Monday, February 15, 2016

329th Infantry Returns Home to Lorain County – Feb. 15, 1919

Ninety-seven years ago today, the Lorain County soldiers of the 329th Infantry were welcomed home from the “great world war,” arriving in Wellington at the Big Four Railroad depot early on the morning of February 15, 1919.

They were treated to a wonderful reception in Wellington, as described on the front page of the Feb. 15, 1919 Evening Telegram, including a sumptuous breakfast. They also marched in a parade before boarding a car for Oberlin, and then Elyria.

As eloquently stated in the caption below the illustration, “Elyria’s welcome home to the soldier boys in the blowing of whistles, the ringing of bells, the acclaim of the populace, and given expression in speech and song, not only cheered their hearts, but the hearts of fathers, mothers, and sweethearts, as they have not been cheered since they left the city many months ago in response to the country’s call, to perform a patriotic duty, to win the fight for democracy and make the world safe.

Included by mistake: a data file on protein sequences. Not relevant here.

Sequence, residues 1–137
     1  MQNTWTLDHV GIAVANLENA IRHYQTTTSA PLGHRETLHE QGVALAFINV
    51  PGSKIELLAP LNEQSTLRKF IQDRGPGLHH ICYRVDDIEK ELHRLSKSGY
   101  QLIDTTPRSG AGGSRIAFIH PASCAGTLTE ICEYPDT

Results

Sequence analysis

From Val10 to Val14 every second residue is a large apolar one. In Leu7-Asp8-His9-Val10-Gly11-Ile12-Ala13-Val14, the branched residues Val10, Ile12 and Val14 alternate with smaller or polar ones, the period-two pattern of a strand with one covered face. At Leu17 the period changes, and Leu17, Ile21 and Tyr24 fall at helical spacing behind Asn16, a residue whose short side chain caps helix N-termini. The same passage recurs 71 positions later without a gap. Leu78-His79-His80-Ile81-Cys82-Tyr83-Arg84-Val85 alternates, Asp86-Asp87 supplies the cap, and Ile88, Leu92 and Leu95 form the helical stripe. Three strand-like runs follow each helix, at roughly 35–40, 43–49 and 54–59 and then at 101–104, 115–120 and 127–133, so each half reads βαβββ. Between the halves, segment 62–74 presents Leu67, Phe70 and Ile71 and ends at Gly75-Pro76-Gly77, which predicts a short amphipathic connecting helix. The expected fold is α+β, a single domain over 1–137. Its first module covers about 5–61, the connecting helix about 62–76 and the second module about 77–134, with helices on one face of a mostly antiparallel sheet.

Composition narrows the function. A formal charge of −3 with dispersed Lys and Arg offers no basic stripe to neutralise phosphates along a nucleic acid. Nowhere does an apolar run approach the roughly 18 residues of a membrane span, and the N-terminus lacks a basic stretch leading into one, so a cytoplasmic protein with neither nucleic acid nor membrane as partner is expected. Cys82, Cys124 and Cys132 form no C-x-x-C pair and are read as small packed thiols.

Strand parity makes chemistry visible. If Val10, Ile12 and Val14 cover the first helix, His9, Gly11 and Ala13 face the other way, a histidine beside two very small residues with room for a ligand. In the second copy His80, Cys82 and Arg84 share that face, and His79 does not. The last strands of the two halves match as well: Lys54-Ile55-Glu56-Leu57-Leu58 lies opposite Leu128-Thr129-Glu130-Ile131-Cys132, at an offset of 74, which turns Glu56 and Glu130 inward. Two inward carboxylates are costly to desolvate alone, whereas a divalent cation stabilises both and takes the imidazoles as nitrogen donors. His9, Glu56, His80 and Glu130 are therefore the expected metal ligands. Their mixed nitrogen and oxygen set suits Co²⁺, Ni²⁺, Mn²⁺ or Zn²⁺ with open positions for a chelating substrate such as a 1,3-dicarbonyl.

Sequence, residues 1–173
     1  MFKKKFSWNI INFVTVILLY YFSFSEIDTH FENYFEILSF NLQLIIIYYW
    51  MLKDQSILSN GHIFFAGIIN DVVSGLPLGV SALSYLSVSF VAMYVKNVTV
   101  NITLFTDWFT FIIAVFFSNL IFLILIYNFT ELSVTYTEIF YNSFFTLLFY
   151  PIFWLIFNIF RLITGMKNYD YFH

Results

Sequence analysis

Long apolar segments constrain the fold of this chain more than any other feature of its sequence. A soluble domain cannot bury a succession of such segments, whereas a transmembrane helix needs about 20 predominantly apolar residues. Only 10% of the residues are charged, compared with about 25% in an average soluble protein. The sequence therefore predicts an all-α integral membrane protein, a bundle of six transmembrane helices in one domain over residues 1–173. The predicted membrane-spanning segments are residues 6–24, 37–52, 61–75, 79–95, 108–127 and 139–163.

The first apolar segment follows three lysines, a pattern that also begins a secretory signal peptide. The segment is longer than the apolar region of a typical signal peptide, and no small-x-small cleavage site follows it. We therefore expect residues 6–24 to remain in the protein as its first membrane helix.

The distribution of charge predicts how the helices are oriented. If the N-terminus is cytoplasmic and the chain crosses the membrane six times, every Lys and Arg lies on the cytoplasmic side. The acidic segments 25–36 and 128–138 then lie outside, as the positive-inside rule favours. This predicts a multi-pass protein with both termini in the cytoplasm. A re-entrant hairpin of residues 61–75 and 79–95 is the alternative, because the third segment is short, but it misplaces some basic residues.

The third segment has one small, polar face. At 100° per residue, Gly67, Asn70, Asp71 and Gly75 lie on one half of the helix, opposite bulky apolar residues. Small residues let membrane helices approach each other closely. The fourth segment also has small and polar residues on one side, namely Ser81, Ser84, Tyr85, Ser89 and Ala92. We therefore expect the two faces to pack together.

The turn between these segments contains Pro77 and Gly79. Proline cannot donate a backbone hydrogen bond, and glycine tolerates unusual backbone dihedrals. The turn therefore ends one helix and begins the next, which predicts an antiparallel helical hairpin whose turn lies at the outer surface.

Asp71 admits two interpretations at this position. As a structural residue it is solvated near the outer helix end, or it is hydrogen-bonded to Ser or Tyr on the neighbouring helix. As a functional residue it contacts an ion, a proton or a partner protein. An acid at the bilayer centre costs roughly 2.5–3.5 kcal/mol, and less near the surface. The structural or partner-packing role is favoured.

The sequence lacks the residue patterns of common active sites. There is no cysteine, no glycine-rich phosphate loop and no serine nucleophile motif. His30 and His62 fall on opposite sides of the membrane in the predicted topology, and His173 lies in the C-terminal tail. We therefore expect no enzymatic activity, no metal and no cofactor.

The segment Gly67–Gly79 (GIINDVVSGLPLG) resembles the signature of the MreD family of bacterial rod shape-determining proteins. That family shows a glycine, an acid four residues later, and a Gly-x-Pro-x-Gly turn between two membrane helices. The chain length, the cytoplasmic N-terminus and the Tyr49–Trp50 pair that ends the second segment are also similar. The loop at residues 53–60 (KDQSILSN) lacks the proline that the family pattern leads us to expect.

“Having performed that duty without flinching, but at the sacrifice of long separation from friends, and the privations suffered, which is the lot of the true soldier, they have now returned to again mingle with those they love, and pursue the avocations of peace.

“And so, in extending these boys, 36 in number, members of the 329th Infantry, and comprising 12 from Elyria, 19 from Lorain, two from Wellington, including the gallant Lieutenant F. L. McDermott, and three from Oberlin, we speak not alone for the Telegram, and the people of these four cities, but Lorain county in its entirety; and may the best wishes of the community as a whole be ever with them, and God’s richest blessings ever rest upon them. That is our thought and wish and will ever be our prayer and the prayer of this community.”

It’s interesting how Lady Liberty is drawn in the Telegram illustration.
Like many women on World War I posters, she’s drawn wearing Roman garb and clutching the flag. But unlike many of the stuffy women in other renderings, the Lady Liberty here – joyous and triumphant – is attractive, almost like a pin-up.

The soldiers marching by her seem to approve.

Quite a difference graphically from what had been used as Lady Liberty only a couple of decades earlier (below).
Vintage 1880s engraving
(Courtesy the

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